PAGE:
I don’t golf.
At least not by any measurable standard.
I have walked around a golf course flailing at small white balls with a metal stick but I would hardly classify myself as a golfer.
I do have friends who actually know how to golf. They tell me that the key to great golf is mastering the short game. The big drives are impressive but they won’t make the difference in your score at the end of the day.
Out of curiosity, I turned to Google.
How to improve your short game returns 1,580,000 results. How to improve your drive returns 2,550,000 results. If the short game is the key, why isn’t it more popular?
My unscientific hypothesis is that driving is:
E. Good for the ego.
As further evidence, the most popular drivers have names like:
Some leaders go for the show. They want to be a power hitter. Take charge. Get the attention. Take on the toughest projects. Make a name for themselves. Show everyone what they can do.
Problem is, they are one-dimensional. They may look good on the tee but eventually the lack of a short game will sink their score.
Every leader needs a good short game.
I think of this as the small, daily, less noticeable actions that lead to long-term success and the attention to details that keeps the team on track.
- Showing appreciation
- Investing in teachable moments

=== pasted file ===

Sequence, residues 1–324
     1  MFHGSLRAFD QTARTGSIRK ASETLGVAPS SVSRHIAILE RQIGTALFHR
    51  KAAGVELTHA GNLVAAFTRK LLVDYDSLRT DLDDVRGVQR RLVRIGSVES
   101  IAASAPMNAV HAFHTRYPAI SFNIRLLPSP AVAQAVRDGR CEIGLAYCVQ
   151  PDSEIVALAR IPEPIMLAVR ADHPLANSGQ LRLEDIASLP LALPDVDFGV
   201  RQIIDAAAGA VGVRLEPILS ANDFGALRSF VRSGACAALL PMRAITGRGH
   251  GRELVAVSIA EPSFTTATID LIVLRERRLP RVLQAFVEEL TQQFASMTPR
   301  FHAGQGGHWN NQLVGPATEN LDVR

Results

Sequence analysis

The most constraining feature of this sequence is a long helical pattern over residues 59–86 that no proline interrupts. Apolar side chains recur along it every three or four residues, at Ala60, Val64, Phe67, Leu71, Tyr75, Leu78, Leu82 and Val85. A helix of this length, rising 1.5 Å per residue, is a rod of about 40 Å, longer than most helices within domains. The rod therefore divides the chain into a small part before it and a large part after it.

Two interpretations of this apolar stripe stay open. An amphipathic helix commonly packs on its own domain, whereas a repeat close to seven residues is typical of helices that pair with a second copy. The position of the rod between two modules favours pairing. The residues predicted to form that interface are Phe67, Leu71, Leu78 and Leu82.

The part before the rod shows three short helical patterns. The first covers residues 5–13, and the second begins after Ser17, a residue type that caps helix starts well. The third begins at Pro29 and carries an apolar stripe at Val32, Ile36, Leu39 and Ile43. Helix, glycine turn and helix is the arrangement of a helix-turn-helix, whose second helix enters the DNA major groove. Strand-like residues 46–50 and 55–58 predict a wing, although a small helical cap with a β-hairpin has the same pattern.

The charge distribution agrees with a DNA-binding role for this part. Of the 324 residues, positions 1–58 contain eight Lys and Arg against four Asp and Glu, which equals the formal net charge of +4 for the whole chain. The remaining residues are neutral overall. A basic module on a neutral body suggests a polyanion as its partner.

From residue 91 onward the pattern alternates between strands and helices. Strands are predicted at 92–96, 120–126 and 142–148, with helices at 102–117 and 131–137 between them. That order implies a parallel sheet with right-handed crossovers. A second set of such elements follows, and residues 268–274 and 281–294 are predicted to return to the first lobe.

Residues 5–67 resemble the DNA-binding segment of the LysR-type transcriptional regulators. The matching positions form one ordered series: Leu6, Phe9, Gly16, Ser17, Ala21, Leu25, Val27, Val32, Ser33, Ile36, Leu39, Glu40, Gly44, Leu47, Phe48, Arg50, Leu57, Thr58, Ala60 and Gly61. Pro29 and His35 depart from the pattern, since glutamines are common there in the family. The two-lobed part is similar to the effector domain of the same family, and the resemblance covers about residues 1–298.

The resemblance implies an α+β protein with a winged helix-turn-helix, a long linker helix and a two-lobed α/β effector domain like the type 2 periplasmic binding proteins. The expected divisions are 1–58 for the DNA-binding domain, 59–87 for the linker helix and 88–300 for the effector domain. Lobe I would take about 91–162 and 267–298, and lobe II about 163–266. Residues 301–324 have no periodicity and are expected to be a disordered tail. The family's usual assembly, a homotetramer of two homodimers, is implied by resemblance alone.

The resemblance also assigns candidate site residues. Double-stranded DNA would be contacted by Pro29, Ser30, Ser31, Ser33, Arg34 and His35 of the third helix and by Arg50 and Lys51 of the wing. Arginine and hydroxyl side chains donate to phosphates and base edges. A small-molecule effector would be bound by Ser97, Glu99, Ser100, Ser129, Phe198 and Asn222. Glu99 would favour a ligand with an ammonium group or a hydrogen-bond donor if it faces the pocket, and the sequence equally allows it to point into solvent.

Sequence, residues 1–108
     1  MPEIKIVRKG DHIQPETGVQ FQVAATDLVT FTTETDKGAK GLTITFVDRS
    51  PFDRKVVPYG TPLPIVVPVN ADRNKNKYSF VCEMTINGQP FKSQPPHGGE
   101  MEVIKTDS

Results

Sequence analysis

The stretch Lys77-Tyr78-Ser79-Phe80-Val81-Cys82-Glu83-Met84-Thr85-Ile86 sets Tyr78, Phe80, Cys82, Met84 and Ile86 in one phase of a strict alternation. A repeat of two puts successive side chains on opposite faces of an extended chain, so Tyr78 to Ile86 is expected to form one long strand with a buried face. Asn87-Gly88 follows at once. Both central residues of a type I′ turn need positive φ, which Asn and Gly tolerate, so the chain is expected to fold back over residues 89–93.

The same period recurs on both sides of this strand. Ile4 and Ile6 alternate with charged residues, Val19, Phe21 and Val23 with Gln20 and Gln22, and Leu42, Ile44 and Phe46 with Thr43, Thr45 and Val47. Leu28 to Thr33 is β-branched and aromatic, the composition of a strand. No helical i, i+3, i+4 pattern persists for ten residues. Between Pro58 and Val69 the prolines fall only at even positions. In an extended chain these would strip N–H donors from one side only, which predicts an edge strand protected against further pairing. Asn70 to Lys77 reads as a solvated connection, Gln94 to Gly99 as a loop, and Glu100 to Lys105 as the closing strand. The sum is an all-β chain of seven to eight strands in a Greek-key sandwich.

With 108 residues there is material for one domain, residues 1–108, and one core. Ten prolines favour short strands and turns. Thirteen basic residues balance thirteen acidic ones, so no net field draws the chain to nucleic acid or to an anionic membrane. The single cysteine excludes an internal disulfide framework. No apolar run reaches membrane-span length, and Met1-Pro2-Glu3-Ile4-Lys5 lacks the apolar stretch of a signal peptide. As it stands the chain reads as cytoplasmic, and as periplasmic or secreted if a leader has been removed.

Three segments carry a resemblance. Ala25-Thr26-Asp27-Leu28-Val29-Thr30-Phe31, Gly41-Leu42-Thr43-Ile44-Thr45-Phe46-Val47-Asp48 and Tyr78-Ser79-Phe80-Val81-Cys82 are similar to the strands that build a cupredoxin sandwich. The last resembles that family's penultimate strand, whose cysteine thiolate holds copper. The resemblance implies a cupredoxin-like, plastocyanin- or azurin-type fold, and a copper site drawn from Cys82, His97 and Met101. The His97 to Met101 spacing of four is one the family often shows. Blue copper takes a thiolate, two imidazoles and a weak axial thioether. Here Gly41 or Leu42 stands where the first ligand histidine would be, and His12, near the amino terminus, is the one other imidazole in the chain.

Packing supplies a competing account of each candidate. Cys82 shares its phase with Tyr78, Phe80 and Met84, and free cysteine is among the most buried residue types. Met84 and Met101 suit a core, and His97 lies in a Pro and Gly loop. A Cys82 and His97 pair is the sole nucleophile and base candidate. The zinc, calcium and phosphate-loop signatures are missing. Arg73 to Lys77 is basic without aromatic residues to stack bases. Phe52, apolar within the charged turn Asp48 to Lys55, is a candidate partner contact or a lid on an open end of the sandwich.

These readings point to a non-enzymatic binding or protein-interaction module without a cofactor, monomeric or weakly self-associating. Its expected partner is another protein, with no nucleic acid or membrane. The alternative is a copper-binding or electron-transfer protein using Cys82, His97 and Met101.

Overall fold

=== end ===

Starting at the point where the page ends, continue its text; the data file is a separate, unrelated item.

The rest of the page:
- Offering support
- Setting clear priorities
- Asking good questions
- Observing the process
- Listening to understand
- Clarifying expectations
- Preparing for change
- Checking in
The short game requires a different set of skills. One cannot swing the putter like a driver and expect a good result. Well, unless you’re me of course. When a leader is out of balance in this way the outcome looks very similar.
Every position on the golf course demands the right choice of club, applying the proper swing, the right level of energy and the proper focus.
A professional golfer spends thousands of hours mastering the short game because they know that to be a complete player they must learn to apply both power and finesse.
Here’s the long and the short of it, (I couldn’t resist). Effective leadership requires patience, preparation, and practice if we are to apply the right approach wherever we are on the course. When we diversify our leadership skills we improve our opportunity for success.
“It took me seventeen years to get three thousand hits in baseball. It took one afternoon on the golf course.” – Hank Aaron
So, how’s your short game?